Not only is Jeff Galloway an Olympian, author, master coach, and an all around great guy, he is evidently also a mind reader. Since February’s Disney Princess Half Marathon, I have set a goal to concentrate on local 5Ks in the hopes of shaving some time off my personal bests. Though I have had some basic success, I need my Jeff pep talk! Enter Jeff’s latest tips to get me- and you– faster in five easy steps…
Speed Repetitions- increasing the number
My runners have improved by an average of over 6 minutes in a marathon (3+ minutes in a half Marathon) by increasing the number of speed repetitions to 14 x 1 mile for the marathon and 14 x 800 meter for the half marathon. I recommend that each of these be run 30 sec/mi faster than goal pace. The recovery interval is a 5-minute walk between miles and a 3-minute walk between 800s. These workouts prepare one to maintain or pick up pace at the end of the goal race, instead of slowing down. See GALLOWAY TRAINING PROGRAMS & HALF MARATHON books for details.
Improve Running Form
Most runners I’ve monitored have improved several minutes in a marathon by fine-tuning their running form. As the mechanics become smoother and within one’s limits, there is a significant reduction in aches, pains and injuries. The two best ways to improve form are water running and cadence drills.
– Water running uses the same basic motion a when running on land, using a flotation device so that the feet don’t touch the bottom of the pool. When done for at least 15 minutes, once a week, the legs find a more efficient path through the water- eliminating extraneous motion.
– The cadence drill is done for 30 seconds, counting the number of times the foot touches the ground. This drill is detailed in most of my books. I’ve found the key to improving speed on the mechanical side is quicker turnover.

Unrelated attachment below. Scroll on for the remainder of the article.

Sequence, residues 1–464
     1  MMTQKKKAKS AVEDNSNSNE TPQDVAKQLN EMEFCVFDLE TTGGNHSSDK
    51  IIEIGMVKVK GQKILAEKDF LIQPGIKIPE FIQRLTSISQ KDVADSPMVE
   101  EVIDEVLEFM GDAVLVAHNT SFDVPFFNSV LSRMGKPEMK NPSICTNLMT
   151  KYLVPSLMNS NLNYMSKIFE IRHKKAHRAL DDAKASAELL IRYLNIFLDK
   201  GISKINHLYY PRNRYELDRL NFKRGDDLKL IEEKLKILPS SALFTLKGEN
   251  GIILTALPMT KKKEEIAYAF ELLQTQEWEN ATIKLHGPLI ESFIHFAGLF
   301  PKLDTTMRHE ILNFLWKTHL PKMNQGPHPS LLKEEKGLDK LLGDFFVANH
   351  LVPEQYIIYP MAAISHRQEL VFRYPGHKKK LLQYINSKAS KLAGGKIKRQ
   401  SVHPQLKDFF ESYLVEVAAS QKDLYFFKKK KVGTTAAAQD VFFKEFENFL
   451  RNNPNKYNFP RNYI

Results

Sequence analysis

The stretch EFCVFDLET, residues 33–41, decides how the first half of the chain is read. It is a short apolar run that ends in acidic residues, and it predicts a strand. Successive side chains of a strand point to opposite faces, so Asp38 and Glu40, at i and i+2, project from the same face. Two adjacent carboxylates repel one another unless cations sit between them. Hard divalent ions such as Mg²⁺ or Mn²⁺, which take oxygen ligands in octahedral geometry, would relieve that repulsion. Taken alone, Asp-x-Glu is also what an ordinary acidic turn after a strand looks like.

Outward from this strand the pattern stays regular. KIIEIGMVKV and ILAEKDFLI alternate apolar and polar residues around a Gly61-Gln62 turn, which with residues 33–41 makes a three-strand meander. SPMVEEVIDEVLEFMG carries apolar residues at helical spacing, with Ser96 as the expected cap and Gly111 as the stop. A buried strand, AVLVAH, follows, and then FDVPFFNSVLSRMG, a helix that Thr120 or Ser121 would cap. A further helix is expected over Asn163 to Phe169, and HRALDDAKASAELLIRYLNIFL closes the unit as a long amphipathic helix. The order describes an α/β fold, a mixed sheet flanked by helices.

Race in Shorter Events
Dropping down a standard distance or two can improve your mechanics for running faster and your ability to handle a higher level of oxygen debt. On non-long run weekends, during a half marathon program, try some 5K or 10K races. When training for a marathon, race at the 10K or half marathon distance. At first, the faster pace of the shorter distance may seem awkward. But after several short races, you will adapt- especially if you do some speed training for the shorter/faster event. These performance improvements can translate into faster ties in the longer distances. My book 5K/10K details the training and race strategies for these events.
The only way I’ve found to build strength for running is to run hill repeats. On a moderate grade hill, start at a jog and pick up the turnover rate of the feet and legs as you go up hill, shortening your stride. Walk down the hill for recovery. Don’t sprint and follow the other hill training guidelines in my books and at www.RunInjuryFree.com. The strength from hill training will allow you to perform better in speed sessions which will help you improve in your goal race. You’ll also run faster on hilly courses, during your races.
I can’t wait to get started during tomorrow morning’s 5K! How about you? Did one these tips resonate with you? Let me know!!
|Tip #4~ CHECK!|
|Save NOW and register for the Jeff Galloway 13.1 and Barb’s 5K. Prices increase tomorrow May 2nd! Don’t let your readers miss out on these savings!
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